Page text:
“So you’re telling me you’ve lived half an hour away and it just occurred to you now to tell me I have a daughter?” He pushed his sleeves up.

  “It’s occurred to me every day since I saw two lines on the pregnancy test.” Her ribs ached, but she didn’t dare sit again.

  “I can’t believe this.” His voice broke, and his strained face tore her up inside.

  “I’m sorry. I’m so sorry.”

  “I’m sorry, too. I’m sorry our child has lived without a father her whole life. Or...wait. Let me guess. She hasn’t lived without a father, has she?”

  Stephanie couldn’t breathe. Couldn’t move. The accusation cut, but he had every right to say that to her. Every right. The clock on the wall ticked as she tried to figure out a reply.

  “There hasn’t been a man in my life since our divorce. Until last year Macy and I lived with Dad, but he moved to Miami when I went back to school.” Her energy dissolved, and she fought to stay upright.

  “I want to see her.” He stood, wide-legged, a fist on each hip.

  “Okay, we can figure—”

  “I want to see her now.”

  “But she—”

  “I want to see my daughter today.”

  Stephanie’s mind swirled. “She’s in day care for another hour, but, Tom, she doesn’t know any of this.”

  “Well, that makes two of us. It’s about time she does.”

  “I agree she needs to know. It’s one of the reasons I’m here today. She’s been all over me about daddies and sisters and brothers. I told her she would meet her father when the time was right, and she accepted it. But she’s young. Producing a dad out of the blue... Well, I don’t want to traumatize her.”

  “Kind of like when I saw you holding hands with another guy when you told me you were shopping with Tiffany?”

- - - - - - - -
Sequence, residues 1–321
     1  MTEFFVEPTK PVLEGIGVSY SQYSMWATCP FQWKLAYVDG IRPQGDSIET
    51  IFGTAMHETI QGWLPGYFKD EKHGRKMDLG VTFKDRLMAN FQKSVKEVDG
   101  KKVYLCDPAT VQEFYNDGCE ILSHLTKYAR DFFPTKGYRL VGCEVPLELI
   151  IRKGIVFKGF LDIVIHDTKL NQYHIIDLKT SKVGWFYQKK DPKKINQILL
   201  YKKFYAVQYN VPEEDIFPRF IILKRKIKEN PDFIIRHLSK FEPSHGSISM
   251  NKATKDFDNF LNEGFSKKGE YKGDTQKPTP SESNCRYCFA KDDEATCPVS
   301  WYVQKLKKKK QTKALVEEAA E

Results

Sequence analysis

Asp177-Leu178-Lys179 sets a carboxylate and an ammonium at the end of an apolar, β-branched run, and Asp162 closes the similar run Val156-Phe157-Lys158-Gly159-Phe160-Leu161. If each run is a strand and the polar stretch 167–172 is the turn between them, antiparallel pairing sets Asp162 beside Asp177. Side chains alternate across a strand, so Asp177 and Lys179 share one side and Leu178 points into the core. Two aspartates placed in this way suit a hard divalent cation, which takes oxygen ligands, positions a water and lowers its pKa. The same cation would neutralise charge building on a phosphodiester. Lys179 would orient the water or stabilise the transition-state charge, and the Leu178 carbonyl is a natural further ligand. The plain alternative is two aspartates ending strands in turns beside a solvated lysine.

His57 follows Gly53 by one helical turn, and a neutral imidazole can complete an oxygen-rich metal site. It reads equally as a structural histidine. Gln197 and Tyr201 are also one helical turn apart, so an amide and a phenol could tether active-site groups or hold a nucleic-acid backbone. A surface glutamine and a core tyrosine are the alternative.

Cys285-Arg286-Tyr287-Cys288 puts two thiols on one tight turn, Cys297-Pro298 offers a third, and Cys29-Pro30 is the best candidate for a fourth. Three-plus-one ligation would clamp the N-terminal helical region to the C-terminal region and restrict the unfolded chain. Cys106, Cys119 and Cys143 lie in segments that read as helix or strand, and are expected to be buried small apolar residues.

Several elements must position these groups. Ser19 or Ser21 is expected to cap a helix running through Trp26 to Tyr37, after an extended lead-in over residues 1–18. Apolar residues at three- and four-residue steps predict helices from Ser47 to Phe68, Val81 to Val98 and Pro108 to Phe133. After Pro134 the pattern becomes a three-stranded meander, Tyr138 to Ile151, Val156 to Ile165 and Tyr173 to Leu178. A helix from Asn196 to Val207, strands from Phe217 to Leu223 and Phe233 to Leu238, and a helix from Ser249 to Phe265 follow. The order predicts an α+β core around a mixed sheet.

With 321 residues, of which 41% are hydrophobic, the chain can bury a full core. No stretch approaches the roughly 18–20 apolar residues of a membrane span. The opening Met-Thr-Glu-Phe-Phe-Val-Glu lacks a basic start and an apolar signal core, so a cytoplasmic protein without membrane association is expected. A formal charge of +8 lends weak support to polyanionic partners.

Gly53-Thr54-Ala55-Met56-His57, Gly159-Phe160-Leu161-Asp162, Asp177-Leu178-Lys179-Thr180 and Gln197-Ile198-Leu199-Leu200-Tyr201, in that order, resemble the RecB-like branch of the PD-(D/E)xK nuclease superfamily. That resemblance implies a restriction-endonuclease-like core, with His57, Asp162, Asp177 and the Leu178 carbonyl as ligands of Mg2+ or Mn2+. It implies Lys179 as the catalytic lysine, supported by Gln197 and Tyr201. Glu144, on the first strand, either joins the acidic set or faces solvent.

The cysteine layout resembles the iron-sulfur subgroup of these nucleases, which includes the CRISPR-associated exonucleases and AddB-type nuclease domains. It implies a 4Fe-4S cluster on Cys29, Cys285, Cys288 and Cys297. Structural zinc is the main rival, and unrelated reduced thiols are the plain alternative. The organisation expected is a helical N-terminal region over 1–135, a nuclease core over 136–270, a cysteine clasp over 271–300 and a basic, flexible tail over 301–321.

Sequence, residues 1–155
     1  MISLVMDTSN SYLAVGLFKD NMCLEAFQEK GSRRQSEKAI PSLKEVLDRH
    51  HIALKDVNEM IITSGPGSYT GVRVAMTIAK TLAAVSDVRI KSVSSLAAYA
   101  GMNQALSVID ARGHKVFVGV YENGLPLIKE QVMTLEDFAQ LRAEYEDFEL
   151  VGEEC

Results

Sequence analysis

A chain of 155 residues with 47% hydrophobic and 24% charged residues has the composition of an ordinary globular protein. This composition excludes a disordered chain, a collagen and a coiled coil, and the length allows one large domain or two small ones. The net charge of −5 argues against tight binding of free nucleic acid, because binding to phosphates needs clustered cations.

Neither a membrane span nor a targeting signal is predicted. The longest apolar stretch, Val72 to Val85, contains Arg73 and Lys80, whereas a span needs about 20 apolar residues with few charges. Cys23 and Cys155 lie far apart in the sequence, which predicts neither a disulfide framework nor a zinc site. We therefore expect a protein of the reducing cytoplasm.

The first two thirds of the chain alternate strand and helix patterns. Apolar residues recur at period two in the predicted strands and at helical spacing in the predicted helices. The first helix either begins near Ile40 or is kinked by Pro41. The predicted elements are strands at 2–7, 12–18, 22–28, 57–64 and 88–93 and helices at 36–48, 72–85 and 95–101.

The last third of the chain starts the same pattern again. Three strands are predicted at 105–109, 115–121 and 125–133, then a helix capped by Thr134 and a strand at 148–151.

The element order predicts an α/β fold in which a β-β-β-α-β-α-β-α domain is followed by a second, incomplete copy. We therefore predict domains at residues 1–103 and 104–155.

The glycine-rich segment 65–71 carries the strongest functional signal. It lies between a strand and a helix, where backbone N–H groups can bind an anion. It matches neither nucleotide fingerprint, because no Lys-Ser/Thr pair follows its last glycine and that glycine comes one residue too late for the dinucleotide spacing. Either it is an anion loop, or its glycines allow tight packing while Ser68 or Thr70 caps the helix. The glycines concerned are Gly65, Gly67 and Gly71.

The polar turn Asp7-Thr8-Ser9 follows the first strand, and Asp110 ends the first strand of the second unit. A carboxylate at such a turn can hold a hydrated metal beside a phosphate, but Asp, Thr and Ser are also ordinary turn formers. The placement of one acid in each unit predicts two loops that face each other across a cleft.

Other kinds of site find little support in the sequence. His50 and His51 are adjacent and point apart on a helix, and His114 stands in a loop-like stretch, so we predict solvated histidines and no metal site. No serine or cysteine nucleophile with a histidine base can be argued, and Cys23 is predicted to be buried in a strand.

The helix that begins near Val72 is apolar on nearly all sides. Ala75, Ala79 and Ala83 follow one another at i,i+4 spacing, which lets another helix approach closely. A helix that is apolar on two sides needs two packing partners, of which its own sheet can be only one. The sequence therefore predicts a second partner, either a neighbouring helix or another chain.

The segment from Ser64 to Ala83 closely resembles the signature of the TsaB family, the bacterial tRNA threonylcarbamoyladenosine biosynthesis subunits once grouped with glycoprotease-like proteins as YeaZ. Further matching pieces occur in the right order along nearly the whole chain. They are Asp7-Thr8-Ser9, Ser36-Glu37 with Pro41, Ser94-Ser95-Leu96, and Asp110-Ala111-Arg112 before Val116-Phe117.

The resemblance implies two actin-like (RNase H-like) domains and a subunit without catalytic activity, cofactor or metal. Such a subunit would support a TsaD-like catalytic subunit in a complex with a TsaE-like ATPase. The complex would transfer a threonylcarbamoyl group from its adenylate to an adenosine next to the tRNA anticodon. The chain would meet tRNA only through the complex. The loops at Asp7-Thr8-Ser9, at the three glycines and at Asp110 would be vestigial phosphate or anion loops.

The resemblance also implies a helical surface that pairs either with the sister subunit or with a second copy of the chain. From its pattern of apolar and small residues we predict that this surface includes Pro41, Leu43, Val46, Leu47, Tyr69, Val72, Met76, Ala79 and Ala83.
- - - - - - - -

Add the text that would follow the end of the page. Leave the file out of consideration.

“I crossed a line, but I never cheated on you, Tom.” Her throat burned. Of course he’d throw that in her face. “I don’t want to introduce you to her as her father unless you plan on being a permanent part of her life. She’s not someone you can blow off for work. And you wonder why I didn’t tell you. You hate me.”

  “I don’t.” His posture relaxed a fraction.

  Did regret shine in his eyes? She doubted it
. Telling him about Macy had thrown them right where they’d left off—unable to be together in the same room. Did she dare add their daughter to this unstable mix?

  “I just want to see my child.” His tone sounded reasonable.

  “I understand. But I’m not freaking her out by springing a dad on her today. The accident yesterday was bad enough.”

  “Was she hurt? Is she okay?”

  “She has a sprained wrist. Nothing a sling and time won’t heal.” She sighed. She’d gone over all the possibilities, knew there was a chance he’d demand to see Macy right away. Knew, too, he might refuse to allow Macy in his life. What if he met her and decided being a dad wasn’t for him? Stephanie fought back a groan. She owed him the right to make the decision. “Why don’t you meet us at McDonald’s in an hour and a half? We can say you’re an old friend of mine.”

  “I’m not lying to her.”

  She pinched the bridge of her nose. “I don’t want to lie to her, either, but do we have to tell her tonight?”

  “Fine.” His shoulders dropped. “We’ll do it your way. For now.”

  * * *

  From the front seat of his truck, Tom glimpsed the golden arches. A hundred years had passed since Stephanie left an hour and a half ago. Seeing her on his porch had brought back all of it—the day they’d met, how quickly he’d fallen in love with her, their short engagement, their shorter marriage.

  He hadn’t been enough for her.

  Only Stephanie could manage to throw his life off course when he’d finally found a way to get it back on track.

  This morning he’d been checking invoices, calling his assistant managers and planning his training session for the day. Forty-two weeks left plenty of time to build strength and endurance for his first IRONMAN competition. And nothing would stop him from finishing in less than twelve hours. The average competitor finished in twelve and a half.

  He was done being average.

  Signing up for the triathlon had given his life meaning again. Something to strive for. Something to feel proud of.